by Chris Cree

The Ultimate Celebratory Beverage!

Champagne is arguably the most celebratory beverage on earth. Just the mere act of popping the cork on a bottle of bubbly always seems to make the moment that much more festive. Versatile and food-friendly, these wines are the perfect starter to a great meal, great with a wide range of appetizers, and with the right menu and chef, can work wonderfully throughout the dinner.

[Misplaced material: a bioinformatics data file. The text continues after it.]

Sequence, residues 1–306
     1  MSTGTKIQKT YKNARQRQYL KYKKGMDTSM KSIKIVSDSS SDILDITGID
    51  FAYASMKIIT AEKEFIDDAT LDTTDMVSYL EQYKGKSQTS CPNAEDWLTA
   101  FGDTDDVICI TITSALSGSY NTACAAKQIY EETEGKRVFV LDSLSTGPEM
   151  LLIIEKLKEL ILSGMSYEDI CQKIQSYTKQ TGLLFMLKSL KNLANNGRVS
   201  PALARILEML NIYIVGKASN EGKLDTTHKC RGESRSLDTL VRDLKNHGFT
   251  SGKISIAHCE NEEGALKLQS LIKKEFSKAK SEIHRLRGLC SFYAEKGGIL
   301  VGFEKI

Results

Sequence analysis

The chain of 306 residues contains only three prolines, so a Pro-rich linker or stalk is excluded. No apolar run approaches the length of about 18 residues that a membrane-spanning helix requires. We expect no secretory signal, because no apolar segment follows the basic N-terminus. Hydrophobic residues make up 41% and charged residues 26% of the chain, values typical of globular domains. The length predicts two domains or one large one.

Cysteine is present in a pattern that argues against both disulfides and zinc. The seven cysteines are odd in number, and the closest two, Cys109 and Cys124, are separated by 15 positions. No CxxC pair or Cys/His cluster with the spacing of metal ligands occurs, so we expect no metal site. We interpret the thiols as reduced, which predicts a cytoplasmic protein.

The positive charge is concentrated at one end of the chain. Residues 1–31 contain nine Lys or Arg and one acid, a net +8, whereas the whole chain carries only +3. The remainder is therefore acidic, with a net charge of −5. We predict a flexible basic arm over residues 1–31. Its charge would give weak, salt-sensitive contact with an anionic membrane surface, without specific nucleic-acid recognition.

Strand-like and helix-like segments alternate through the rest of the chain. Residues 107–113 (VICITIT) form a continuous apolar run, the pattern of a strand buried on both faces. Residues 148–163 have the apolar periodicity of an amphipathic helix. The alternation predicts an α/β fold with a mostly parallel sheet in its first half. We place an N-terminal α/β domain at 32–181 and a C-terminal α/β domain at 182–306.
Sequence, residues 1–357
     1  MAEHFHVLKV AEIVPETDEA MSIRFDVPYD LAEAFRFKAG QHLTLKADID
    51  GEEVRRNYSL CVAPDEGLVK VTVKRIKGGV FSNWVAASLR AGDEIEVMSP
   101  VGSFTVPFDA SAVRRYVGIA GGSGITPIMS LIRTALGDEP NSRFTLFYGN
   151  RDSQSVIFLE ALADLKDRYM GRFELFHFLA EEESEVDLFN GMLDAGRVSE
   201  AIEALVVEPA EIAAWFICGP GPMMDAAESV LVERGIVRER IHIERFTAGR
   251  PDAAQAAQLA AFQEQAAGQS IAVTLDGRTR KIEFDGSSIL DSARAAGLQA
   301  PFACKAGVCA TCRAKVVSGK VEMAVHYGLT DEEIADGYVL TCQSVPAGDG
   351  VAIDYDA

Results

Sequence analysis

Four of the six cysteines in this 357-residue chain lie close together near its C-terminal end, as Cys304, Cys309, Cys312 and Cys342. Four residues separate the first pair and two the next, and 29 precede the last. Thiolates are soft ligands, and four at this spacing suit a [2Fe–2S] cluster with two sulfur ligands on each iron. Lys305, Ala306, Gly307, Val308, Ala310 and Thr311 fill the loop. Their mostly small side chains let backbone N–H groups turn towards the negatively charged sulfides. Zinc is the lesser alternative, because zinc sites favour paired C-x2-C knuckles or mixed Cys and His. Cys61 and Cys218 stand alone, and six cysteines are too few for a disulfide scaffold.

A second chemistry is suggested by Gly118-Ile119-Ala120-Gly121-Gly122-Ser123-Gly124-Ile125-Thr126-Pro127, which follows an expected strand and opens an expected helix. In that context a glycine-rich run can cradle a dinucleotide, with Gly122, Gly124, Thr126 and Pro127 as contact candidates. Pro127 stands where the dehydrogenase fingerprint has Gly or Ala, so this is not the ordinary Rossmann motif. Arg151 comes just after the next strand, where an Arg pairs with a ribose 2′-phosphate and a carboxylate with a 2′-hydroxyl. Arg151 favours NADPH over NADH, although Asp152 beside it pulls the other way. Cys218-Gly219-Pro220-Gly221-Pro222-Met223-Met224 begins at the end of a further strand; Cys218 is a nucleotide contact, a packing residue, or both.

Champagne, after all, is wine. Not all that bubbles is Champagne. So what sets these special and magnificent wines apart from the rest of the sparkling wines in the world? The first and foremost factor is what the French call terroir, a term that encompasses all of the elements of climate, soil, exposure and sun that affect how grapes ripen a specific region or vineyard. Champagne is one of the most northerly wine regions – if it were in North America, it would be on the same latitude, the 49th parallel, as Winnipeg, Canada. The region’s cool climate means that the grapes, even after a very long growing season, are still naturally tart and very high in acidity at harvest. The vineyards are mainly on gentle slopes composed of layers of tertiary soils a few feet deep (washed down over millions of years from the Isle de France, a geological formation that stretches west to the English Channel that also helps moderate the worst of the Channel weather), overlying deep chalk sub-soils. The region gets its name from the Romans who thought the chalky soils looked like the ash soils around Vesuvius in Campagna in Italy. While Champagne in its bubbly form was not created commercially until the 1600’s, the history of winemaking in the region dates back much further. The main sub-regions in Champagne are the Valle de la Marne. Cotes des Blancs. Montagne de Rheims. Cotes de Sezanne and the Aube, and the wines can be even more specifically identified by the name of the village where the grapes are grown. Each of these sub-regions has their own unique variations of micro-climate and soils that can influence the style of the wine.